Transcript of remarks by CE at media session before ExCo (with video)

     Following is the transcript of remarks by the Chief Executive, Mr John Lee, at a media session before the Executive Council meeting today (March 26):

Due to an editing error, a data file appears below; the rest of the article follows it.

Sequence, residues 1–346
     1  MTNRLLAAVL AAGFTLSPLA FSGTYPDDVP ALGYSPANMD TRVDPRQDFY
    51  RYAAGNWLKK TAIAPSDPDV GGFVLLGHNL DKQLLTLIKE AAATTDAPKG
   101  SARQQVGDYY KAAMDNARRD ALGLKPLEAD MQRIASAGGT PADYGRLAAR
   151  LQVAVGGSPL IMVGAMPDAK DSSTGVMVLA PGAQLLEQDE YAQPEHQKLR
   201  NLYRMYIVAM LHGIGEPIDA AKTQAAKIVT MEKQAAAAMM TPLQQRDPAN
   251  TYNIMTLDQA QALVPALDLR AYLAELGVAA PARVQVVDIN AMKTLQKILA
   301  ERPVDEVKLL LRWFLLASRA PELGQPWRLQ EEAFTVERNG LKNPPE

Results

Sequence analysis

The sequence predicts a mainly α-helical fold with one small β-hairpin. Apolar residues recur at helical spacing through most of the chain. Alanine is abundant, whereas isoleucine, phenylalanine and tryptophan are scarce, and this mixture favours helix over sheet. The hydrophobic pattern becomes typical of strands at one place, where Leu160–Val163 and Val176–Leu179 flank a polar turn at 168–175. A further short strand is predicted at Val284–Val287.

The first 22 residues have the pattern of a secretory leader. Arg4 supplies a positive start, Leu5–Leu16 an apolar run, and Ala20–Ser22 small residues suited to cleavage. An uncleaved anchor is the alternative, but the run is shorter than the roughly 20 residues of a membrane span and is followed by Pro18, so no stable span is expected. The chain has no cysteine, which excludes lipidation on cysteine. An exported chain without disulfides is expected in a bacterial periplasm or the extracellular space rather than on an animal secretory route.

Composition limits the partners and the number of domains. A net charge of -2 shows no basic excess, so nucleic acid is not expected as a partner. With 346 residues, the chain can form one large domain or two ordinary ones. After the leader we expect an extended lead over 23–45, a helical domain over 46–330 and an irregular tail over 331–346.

Reporter: First, I would like to follow up on the garbage charging question. Is the current administration still fully committed to this scheme, or is there any alternative to reduce waste production in Hong Kong? And if there is any further change to this scheme, which has actually been cleared by the LegCo years ago, could that deal a big blow to the Government's credibility because it cannot even hold on its own commitment? And the second question is about, Paul Lam (Secretary for Justice, Mr Paul Lam, SC) has said the Government prepared practical plans if unfriendly actions are taken against Hong Kong after the Article 23 legislation. What are these plans? And what can Hong Kong really do about another country's jurisdiction? And how are you going to convince the West, the businesses that Hong Kong is still a good place for business? Thank you.